As the six-week trial dragged on, Conroy slowly began changing his mind after listening to the medical testimony and hearing both Wilson and Jon Burge, who at the time was the head of Area 2’s detectives, testify. Maybe Wilson’s charges of being burned by police and receiving electric shocks to his genitals, nose, ears, and fingers were not that preposterous. Maybe they were true. “I can’t say there was a moment when I said, ‘Oh, my God, this is true,’’ he says. “It was a gradual dawning.’’… Lyon says everyone involved in Chicago’s criminal justice system knew something was amiss at the Area 2 police headquarters on the city’s Far South Side, where most of the alleged torture took place. Prosecutors knew it. Judges knew. Reporters knew, too. But no one, she says, said or wrote anything about it until Conroy and maybe one or two others came along. “The groundwork came from John Conroy rolling that big stone up that steep hill,’’ she says. “He’s utterly trustworthy and honest. You don’t hand over your files to him if you think your guy is guilty. He’ll find a witness that maybe the prosecution couldn’t find. He’s patient, easy to talk to. He’s smart but not arrogant. He’s part of a dying breed, a real-life investigative reporter who cares. He’s an unsung hero.’’

Where has Conroy gone? Wherever he can find work. Conroy—the author of two well-received nonfiction books, Belfast Diary: War As A Way of Life, on the troubles in Northern Ireland, and Unspeakable Acts, Ordinary People, an examination of the practice of torture in three democracies: Belfast, Israel, and Chicago—has transformed from journalist to juggler, trying to keep several freelance jobs in the air at once. One of his gigs is writing scripts for online health videos about domestic violence, STDs, and childhood obesity. He’s written a few magazine pieces, including a first-person account of getting mugged in 2008. He has done some radio reporting. He has also worked as an investigator for a lawyer pal with whom he plays hockey in a no-slap-shot, no-check league. He started playing at age fifty-four. So far, he’s worked on two narcotics cases for his friend and now is investigating a murder case—the stabbing of a barber on Thanksgiving eve, 2008. “I have to do other things to support the journalism,’’ he says. “It’s very stressful. The pay is low and getting lower. It’s become demeaning. I have two kids. I’m not a spring chicken. Sometimes I am given to despair.’’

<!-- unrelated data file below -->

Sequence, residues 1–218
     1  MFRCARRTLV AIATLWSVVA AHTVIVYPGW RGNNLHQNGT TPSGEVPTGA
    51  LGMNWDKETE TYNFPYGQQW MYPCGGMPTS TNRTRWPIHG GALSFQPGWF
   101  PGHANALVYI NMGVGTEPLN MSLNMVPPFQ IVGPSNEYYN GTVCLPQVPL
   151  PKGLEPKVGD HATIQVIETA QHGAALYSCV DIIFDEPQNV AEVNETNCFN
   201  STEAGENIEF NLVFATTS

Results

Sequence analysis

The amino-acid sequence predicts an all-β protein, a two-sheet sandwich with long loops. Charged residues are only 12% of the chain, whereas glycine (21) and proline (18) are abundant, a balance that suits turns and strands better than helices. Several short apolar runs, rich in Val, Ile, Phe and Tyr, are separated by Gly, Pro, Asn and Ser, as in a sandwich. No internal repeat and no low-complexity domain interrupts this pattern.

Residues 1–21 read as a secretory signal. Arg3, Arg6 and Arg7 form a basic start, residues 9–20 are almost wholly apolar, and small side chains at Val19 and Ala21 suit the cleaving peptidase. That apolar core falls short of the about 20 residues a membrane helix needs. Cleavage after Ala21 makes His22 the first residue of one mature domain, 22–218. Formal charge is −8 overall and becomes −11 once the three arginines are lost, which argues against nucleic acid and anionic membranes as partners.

Tall and lanky, with the lived-in face of a character actor, Conroy is the kind of reporter your mother dreamed you would grow up to be: dogged, driven, caring, righteous, cranky, smoldering, and moral. Don’t take your mother’s word for it, though. Check it out. Conroy would.

Stretching back nearly two decades, Conroy’s nuanced, morally complicated stories about what was allegedly happening inside “the house of screams’’ set the agenda for much of the coverage by Chicago’s two daily newspapers and its television newsrooms. Conroy’s articles, such as a piece he wrote in 2006 called, “The Police Torture Scandals: A Who’s Who,’’ were a vital road map for any reporter—or prosecutor, defense lawyer, or civilian police department investigator—coming fresh to the story. “The scale of criminality,’’ he wrote,

This immense: hundreds of assaults (most victims were subjected to more than one attack), hundreds of acts of misconduct qualifying as felonies. Some detectives, called to testify in various proceedings, may have committed perjury on five or more occasions in a single case.

And knowledge of the abuse traveled up the ranks: Police superintendents were informed of the torture and knew the identities of some of the torturers. State’s attorneys were informed of the torture, and no one was ever prosecuted. Now that the statute of limitations has run on many if not all of these crimes, state prosecution is unlikely, though victims’ attorneys hold out hope that federal charges are possible.

All of the known victims are black. Some were sent to death row on the basis of tortured confessions and perjured testimony by police, and many are still serving long sentences. All of their confessions are suspect.

Most of the accused police officers are white. Many have been promoted or have retired with pensions. Some of the prosecutors informed of the torture are now judges. One serves on the Illinois Appellate Court. And one is the mayor.

The tools of torture included burning suspects on radiators, beatings, mock executions, games of Russian roulette, near suffocation with typewriter covers, and electric shock to the genitals. No one has been tried for the alleged torture that went on inside the house of screams. Until now. …